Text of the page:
Amy Bailey is an English teacher from Ark Charter Academy in Portsmouth. This summer, she spent two weeks working with teachers at three Ark-supported schools in India as part of the Ark Global Teaching Fellowship. Here she shares a blog about her experiences.
Even though I’d been to Delhi before I was still shocked when I arrived. Delhi is a place that hits all your senses with full force, the sights and sounds, the vibrant colours, the spices and the heat! The three schools I would be working with were all in different locations throughout the city.
As I arrived for the fellowship, I anticipated that schools in India would face different problems than we have here in the UK, such as a lack of funding for things like interactive whiteboards and classroom resources. But I also expected that schools in both countries probably faced similar challenges as well – things like attendance, gaining the support of parents and ensuring that students are ready to learn by supporting them pastorally, like making sure they receive quality food.
At first, I was anxious about working with teachers and staff at these schools. I was aware that I was an outsider who didn’t fully understand the context in which I was working. I didn't want to come across as intrusive or overly critical.
I came up with a practical plan to try to help out in areas where I thought I could make a difference: coaching and mentoring; supporting with phonics programmes; and helping with literacy drives. I hoped that the two weeks I was there would be enough time to share some good practice and initiatives, and to start to embed these.
As a practitioner in a different setting and context I thought I might be in a good position to share new strategies and techniques they might not have seen before in their own teaching experience. Many of these were techniques advocated by Doug Lemov that I had learnt during my teacher training, such as waiting for 100% silence, cold-calling on students and circulating the room. I also noticed some teachers were not identifying high ability students and catering the lessons to suit all needs. I recommended that they try pairing their higher ability students with the lower ability students when completing certain tasks. It was great to see that teachers and staff were really receptive to my feedback and keen to improve their practice. Many of the staff worked hard to implement the techniques and strategies I was sharing.
I found that all three Ark-supported schools worked at had consistent structures – teachers had received the same training, the schools were following the same curriculum and there were some unifying systems, such as classroom displays, behaviour boards and rewards systems.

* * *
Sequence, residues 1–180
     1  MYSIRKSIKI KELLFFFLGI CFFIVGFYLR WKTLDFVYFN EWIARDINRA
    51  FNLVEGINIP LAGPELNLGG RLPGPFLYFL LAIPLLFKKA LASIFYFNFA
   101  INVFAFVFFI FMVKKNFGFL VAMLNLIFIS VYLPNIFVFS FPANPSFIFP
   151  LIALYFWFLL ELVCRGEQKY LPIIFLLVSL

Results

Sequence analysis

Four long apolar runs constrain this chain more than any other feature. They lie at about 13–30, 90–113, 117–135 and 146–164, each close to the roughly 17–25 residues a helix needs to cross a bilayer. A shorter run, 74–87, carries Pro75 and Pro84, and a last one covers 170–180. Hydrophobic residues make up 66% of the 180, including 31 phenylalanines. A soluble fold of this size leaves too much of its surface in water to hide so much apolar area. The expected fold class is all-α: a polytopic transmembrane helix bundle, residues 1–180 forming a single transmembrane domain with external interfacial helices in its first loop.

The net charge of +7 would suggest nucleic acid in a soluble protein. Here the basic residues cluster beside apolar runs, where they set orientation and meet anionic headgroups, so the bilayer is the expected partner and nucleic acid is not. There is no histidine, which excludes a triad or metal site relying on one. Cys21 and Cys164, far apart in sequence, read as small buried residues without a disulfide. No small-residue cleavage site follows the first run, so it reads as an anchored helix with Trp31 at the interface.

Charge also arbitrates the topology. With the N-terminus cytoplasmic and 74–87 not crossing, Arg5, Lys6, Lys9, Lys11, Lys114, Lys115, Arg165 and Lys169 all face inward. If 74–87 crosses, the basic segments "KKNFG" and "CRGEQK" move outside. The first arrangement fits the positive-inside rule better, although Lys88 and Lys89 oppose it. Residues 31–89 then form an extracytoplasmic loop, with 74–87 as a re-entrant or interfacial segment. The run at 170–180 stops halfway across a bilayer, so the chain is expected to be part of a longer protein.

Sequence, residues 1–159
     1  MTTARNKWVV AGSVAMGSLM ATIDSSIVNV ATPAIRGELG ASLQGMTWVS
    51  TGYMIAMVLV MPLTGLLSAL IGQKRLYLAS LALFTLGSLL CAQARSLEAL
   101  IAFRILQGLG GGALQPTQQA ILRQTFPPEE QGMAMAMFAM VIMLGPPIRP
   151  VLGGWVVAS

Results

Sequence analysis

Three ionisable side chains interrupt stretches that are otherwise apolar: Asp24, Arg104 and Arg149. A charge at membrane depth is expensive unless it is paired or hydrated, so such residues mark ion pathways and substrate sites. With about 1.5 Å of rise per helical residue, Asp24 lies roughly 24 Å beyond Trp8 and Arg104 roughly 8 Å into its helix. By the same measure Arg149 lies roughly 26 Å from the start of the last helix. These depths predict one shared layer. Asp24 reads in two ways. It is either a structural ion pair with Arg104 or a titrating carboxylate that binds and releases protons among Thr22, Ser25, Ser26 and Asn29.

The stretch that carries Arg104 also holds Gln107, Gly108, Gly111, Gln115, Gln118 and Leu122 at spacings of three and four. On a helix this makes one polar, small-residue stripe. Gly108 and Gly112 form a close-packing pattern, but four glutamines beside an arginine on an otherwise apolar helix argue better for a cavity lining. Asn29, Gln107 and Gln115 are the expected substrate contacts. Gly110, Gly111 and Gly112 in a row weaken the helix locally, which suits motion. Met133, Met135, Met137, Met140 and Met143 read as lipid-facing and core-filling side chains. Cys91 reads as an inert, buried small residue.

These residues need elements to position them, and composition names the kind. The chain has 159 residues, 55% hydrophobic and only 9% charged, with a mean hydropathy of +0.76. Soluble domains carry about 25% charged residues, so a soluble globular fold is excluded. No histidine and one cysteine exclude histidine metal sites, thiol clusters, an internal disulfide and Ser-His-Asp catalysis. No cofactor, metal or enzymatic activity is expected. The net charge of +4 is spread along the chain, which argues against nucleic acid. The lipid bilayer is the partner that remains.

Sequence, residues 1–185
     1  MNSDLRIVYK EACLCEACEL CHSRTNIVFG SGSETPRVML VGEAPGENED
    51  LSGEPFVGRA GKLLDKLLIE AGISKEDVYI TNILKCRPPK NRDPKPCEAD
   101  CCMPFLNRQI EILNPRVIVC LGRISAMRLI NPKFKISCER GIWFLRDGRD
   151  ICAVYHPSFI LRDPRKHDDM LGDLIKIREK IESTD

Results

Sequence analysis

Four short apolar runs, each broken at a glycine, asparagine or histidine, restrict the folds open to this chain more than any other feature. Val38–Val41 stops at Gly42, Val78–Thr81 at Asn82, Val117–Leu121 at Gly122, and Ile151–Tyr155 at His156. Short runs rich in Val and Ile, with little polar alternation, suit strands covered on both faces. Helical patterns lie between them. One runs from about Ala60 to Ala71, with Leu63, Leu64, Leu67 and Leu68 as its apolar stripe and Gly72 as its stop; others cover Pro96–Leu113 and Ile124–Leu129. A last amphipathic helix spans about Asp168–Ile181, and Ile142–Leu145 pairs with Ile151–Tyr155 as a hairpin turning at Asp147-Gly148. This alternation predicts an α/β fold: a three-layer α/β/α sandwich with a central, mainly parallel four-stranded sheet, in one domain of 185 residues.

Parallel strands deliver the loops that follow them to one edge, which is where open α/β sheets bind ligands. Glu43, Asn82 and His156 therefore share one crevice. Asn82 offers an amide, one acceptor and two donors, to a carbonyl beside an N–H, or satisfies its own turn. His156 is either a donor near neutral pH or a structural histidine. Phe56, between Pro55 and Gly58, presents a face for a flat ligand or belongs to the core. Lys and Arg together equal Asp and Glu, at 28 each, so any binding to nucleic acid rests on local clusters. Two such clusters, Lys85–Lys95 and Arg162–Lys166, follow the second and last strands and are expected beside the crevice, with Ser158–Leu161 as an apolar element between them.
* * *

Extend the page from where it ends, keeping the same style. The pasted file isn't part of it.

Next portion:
Yet, the schools were each at different stages and this presented some challenges. In one school, Jeevan Nagar, some students struggled with some of the Ark-inspired routines that teachers were introducing. One student in particular was presenting difficult behaviour in lessons. He was making strange gestures which at first I didn’t understand. However, by speaking to his mother we learnt that he had been watching action movies at home, and was keen to re-enact the moves in front of his friends! He, like many other pupils, had never attended school before, and was not ‘school-ready’. The teacher and I used some strategies to manage his behaviour such as ‘criss-cross’, making sure arms are folded and you are looking straight ahead. Over the two weeks I noticed he was listening and responding more, and even understanding what he was doing wrong. It felt good to see the techniques lead to improvements over such a short space of time.
A significant moment for me occurred when I accompanied the Principal and a social worker from Lajpat Nagar III school on a home visit to some of the communities that the students were from. During the visit, parents of two children who attended the school invited us into their home, here we were offered to sit down and given a glass of coke, which was refreshing in the hot weather. We spoke to the family about their experiences with the school. They spoke highly of it and recognised the impact it was having on children within their community. Though the mother did not attend school herself, she hoped her children would continue in education and even go onto university someday. It was moving to see that, though the family were living in challenging conditions – their whole family lived in one room – they still wanted to give what little they had, sharing their space and giving us a drink.
The Education Director for all three schools, Urmila Chowdhury, maintains a strong vision of growth for the students. I often heard her talking to staff and teachers – asking them for their advice and their opinions on how to support the children. This inclusive approach created a really positive working environment where staff felt valued and I think helped them work through any difficulties. It taught me some valuable lessons in leadership.
I thoroughly enjoyed all of the experiences I had working in India, and I left with a wide range of ideas and strategies which I’m already implementing in my own school this year.
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